The debt commission's report, to be voted upon tomorrow by the commission's members, is a provocative proposal that should help to jump-start serious discussions about paying off (or at least not continuing to add to) our $13.8 trillion debt. In truth, the commission's report is the best that one could realistically hope for from an administration that has added to our debt in unprecedented fashion – even without counting the looming costs that Obamacare, should it manage to escape repeal, would spawn.
On this date just two years ago, when then-President-elect Obama was assembling his team to take office, our debt was $10.6 trillion – or $3.2 trillion less than today. So, our national debt has increased a staggering 30 percent during just the first two years of his watch.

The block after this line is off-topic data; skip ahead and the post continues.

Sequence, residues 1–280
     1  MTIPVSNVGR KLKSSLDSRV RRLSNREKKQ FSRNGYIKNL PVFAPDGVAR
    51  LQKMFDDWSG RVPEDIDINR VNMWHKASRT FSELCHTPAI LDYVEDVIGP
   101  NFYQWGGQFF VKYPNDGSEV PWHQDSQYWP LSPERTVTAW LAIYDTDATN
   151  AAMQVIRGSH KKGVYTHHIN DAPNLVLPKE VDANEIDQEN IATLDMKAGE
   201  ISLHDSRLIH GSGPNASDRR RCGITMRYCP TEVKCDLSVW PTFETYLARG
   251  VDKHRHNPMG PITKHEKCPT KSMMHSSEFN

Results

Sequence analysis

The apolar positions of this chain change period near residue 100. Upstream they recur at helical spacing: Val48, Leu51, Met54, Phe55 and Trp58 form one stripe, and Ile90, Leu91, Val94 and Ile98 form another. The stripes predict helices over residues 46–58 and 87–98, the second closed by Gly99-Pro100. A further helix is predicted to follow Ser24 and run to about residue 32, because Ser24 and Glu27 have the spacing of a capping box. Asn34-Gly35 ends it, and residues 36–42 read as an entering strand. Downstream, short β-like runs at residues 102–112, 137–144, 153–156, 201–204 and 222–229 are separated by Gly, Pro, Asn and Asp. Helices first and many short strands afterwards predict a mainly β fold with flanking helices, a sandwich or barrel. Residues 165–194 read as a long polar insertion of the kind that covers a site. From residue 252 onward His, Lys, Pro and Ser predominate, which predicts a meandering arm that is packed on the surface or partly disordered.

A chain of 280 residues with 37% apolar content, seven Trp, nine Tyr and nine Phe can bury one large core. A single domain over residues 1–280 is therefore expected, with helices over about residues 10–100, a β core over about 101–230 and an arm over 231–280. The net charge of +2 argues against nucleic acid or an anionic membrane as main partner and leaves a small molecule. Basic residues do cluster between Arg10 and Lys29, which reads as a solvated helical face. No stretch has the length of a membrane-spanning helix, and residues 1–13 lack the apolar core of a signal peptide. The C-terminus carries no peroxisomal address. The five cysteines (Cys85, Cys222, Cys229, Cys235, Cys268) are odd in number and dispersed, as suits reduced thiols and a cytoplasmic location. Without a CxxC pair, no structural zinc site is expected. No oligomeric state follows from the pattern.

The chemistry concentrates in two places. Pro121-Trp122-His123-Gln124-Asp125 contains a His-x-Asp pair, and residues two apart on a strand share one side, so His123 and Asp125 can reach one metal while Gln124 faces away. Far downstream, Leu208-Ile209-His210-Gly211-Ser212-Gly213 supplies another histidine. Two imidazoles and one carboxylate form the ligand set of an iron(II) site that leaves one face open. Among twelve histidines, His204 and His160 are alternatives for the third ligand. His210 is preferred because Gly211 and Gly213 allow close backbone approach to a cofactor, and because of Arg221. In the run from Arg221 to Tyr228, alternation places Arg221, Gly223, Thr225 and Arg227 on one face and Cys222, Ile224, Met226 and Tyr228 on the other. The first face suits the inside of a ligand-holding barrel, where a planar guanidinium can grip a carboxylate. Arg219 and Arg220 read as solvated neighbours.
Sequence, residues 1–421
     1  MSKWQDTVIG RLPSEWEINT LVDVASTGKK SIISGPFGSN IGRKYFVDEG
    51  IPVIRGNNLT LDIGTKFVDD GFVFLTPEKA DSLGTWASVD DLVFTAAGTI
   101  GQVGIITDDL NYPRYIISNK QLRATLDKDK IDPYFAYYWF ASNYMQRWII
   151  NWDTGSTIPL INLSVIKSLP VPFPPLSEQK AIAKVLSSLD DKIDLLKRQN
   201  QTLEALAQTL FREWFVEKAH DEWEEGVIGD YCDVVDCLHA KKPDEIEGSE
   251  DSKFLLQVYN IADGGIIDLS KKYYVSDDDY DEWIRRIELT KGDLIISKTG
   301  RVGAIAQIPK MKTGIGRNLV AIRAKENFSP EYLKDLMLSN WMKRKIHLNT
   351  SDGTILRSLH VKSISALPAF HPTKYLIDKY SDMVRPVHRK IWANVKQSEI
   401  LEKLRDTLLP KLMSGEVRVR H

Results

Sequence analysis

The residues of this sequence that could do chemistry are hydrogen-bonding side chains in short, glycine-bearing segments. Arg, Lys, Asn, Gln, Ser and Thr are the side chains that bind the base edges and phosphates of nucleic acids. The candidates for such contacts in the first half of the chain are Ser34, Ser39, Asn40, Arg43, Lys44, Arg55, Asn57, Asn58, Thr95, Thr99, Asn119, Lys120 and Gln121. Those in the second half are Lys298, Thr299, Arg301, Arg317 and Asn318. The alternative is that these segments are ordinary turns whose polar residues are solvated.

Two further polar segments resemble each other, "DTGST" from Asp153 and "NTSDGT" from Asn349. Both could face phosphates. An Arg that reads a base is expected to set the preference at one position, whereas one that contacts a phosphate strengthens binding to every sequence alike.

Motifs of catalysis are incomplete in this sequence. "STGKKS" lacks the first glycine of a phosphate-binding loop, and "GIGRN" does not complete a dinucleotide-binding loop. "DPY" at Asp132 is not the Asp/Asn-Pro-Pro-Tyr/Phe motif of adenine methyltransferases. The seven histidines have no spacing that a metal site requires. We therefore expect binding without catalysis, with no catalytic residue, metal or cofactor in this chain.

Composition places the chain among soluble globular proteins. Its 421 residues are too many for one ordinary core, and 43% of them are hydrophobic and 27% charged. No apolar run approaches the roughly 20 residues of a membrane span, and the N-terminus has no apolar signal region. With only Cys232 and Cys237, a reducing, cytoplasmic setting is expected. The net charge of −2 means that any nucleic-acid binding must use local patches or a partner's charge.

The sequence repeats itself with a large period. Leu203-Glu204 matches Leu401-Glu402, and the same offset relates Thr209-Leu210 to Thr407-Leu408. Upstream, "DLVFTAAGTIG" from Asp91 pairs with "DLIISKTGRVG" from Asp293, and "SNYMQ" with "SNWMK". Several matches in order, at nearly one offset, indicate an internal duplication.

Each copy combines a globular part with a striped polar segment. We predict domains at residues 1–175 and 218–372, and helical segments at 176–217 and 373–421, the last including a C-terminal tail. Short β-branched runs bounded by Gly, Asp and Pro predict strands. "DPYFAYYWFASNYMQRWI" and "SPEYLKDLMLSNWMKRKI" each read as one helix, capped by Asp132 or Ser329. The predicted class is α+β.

While the debt commission's efforts are laudable, however, its basic premise that we have both a spending and a revenue problem is mistaken. And its notion that 75 percent of our debt-reducing efforts need to come from spending cuts, while the other 25 percent need to come from tax increases, is only 75 percent right. What we have is not a spending and revenue problem, but merely a spending problem, and the way to address it is to limit the government's power to spend. One proposal that would do just that is the Limited Government Amendment, which I have explained here and have updated here – by adding a provision to set spending levels based on 2008 figures, rather than on the bloated figures of 2010.